Wednesday, 28 November 2012

Why checkered platforms?

Hotel du Depart:

In an earlier blog I outlined my theory that if I packed lots of French imagery into my layout then the thing would look French. The twist was that I would not align any particular item of imagery with the object or setting that one usually associated with it.

So, I associate  checkered tablecloths with French brasseries/cafes but rather than have checkered tablecloths in little HO scale cafes on my layout, I would dissociate the checks from the cafe setting and associate them with the platforms.

By doing this there would be a certain tension in the eye of the beholder as he or she confronted the  imagery of checkeredness, which would conjure up Frenchness, BUT in the absence of the objects usually associated with checkeredness.

This tension, I believe, invigorates the total perception as the mind struggles to resolve the dissociated elements.

(Yes, it does sound like a load of crap.)

I was reminded of the Frenchness of things checkered when I looked again at this interior of an HO scale model of Hotel du Depart. Not mine; off the internet.


And, I added another 10 rows of tiles to my final platform.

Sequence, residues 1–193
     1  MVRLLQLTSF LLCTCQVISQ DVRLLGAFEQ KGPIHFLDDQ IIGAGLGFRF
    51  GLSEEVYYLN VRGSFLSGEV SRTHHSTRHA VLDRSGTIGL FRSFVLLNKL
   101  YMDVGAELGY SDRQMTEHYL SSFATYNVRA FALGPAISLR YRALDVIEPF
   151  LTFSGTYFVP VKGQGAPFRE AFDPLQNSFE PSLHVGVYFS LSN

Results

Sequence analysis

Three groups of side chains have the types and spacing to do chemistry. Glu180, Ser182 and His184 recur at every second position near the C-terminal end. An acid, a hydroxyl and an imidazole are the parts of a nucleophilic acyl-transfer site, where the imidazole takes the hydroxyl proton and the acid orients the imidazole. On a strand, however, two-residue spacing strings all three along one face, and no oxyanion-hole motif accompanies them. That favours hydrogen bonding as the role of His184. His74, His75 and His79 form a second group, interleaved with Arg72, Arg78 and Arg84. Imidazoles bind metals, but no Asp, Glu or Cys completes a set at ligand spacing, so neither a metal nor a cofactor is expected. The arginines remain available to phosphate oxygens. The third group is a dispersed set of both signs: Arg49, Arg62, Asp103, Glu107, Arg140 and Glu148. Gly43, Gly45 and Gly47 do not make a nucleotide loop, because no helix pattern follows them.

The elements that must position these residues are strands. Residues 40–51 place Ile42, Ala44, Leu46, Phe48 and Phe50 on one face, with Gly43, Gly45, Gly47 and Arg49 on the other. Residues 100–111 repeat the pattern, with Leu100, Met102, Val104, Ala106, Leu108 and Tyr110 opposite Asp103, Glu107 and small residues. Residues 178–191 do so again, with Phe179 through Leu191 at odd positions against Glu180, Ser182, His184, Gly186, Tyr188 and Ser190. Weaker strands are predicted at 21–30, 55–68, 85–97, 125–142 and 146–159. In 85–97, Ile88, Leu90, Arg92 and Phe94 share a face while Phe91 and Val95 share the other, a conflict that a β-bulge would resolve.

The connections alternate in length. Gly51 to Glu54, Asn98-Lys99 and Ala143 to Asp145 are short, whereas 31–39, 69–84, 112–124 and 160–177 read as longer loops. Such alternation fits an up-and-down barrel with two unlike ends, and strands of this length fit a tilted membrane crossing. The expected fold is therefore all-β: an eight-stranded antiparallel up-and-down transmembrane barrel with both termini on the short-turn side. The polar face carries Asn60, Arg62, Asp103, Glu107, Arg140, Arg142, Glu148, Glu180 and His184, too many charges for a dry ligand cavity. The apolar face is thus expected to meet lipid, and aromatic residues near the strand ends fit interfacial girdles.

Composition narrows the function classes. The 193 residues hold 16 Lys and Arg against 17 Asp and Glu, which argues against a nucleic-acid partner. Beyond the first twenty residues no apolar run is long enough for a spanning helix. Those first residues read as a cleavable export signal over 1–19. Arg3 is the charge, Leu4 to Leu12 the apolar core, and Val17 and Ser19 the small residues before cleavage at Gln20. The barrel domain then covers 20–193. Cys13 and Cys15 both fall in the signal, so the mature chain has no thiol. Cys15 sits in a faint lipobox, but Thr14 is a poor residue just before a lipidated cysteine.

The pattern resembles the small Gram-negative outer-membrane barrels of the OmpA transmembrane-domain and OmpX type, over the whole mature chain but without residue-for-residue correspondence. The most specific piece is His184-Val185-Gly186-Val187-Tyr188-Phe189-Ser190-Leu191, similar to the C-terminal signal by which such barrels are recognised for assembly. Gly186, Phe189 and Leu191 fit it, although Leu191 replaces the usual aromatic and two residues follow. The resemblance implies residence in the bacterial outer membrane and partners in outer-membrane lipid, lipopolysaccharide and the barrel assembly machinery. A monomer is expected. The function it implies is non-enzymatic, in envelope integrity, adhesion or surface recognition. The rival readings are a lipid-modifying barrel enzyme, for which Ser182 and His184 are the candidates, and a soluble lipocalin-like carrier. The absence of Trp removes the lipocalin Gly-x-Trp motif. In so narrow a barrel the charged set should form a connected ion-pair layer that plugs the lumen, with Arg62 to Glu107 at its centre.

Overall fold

Ceramics update:

Not much to report: continued to repair and tidy up the walls of the much vaunted building.

One decision was taken though and that was NOT to assemble the 4 walls before the firing but to fire them all flat and then assemble them. There was too much risk that trying to stand them up and join them together in a pre-fired and thus brittle state would lead to calamity.

Getting rid of uneven edges with a wet paint brush

A tidied up wall.

Then I put all the little clay stanchions back in position to keep the window frames intact during firing. What a palaver!



The rest of the class seem fascinated with my project and keep coming up to me with excellent ideas for decorating the building with features eg windows, window frames, balustrades, shop windows, balconies. I hope I don't offend anyone by not choosing theirs.

A Gift:

The lady whose terracotta tiles I so admired and wish to adapt to make a background townscape for the layout presented me with one of them as a gift. My wife and I really love it.


Front

Back
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Last night's dinner:

Mushroom omelet
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Prix Choc:

This is a classic track by Etienne de Crecy from Super Discount 1 which is permanently set to play in my car CD player at the moment. For some reason I have 3 re-mixes of it - all excellent.



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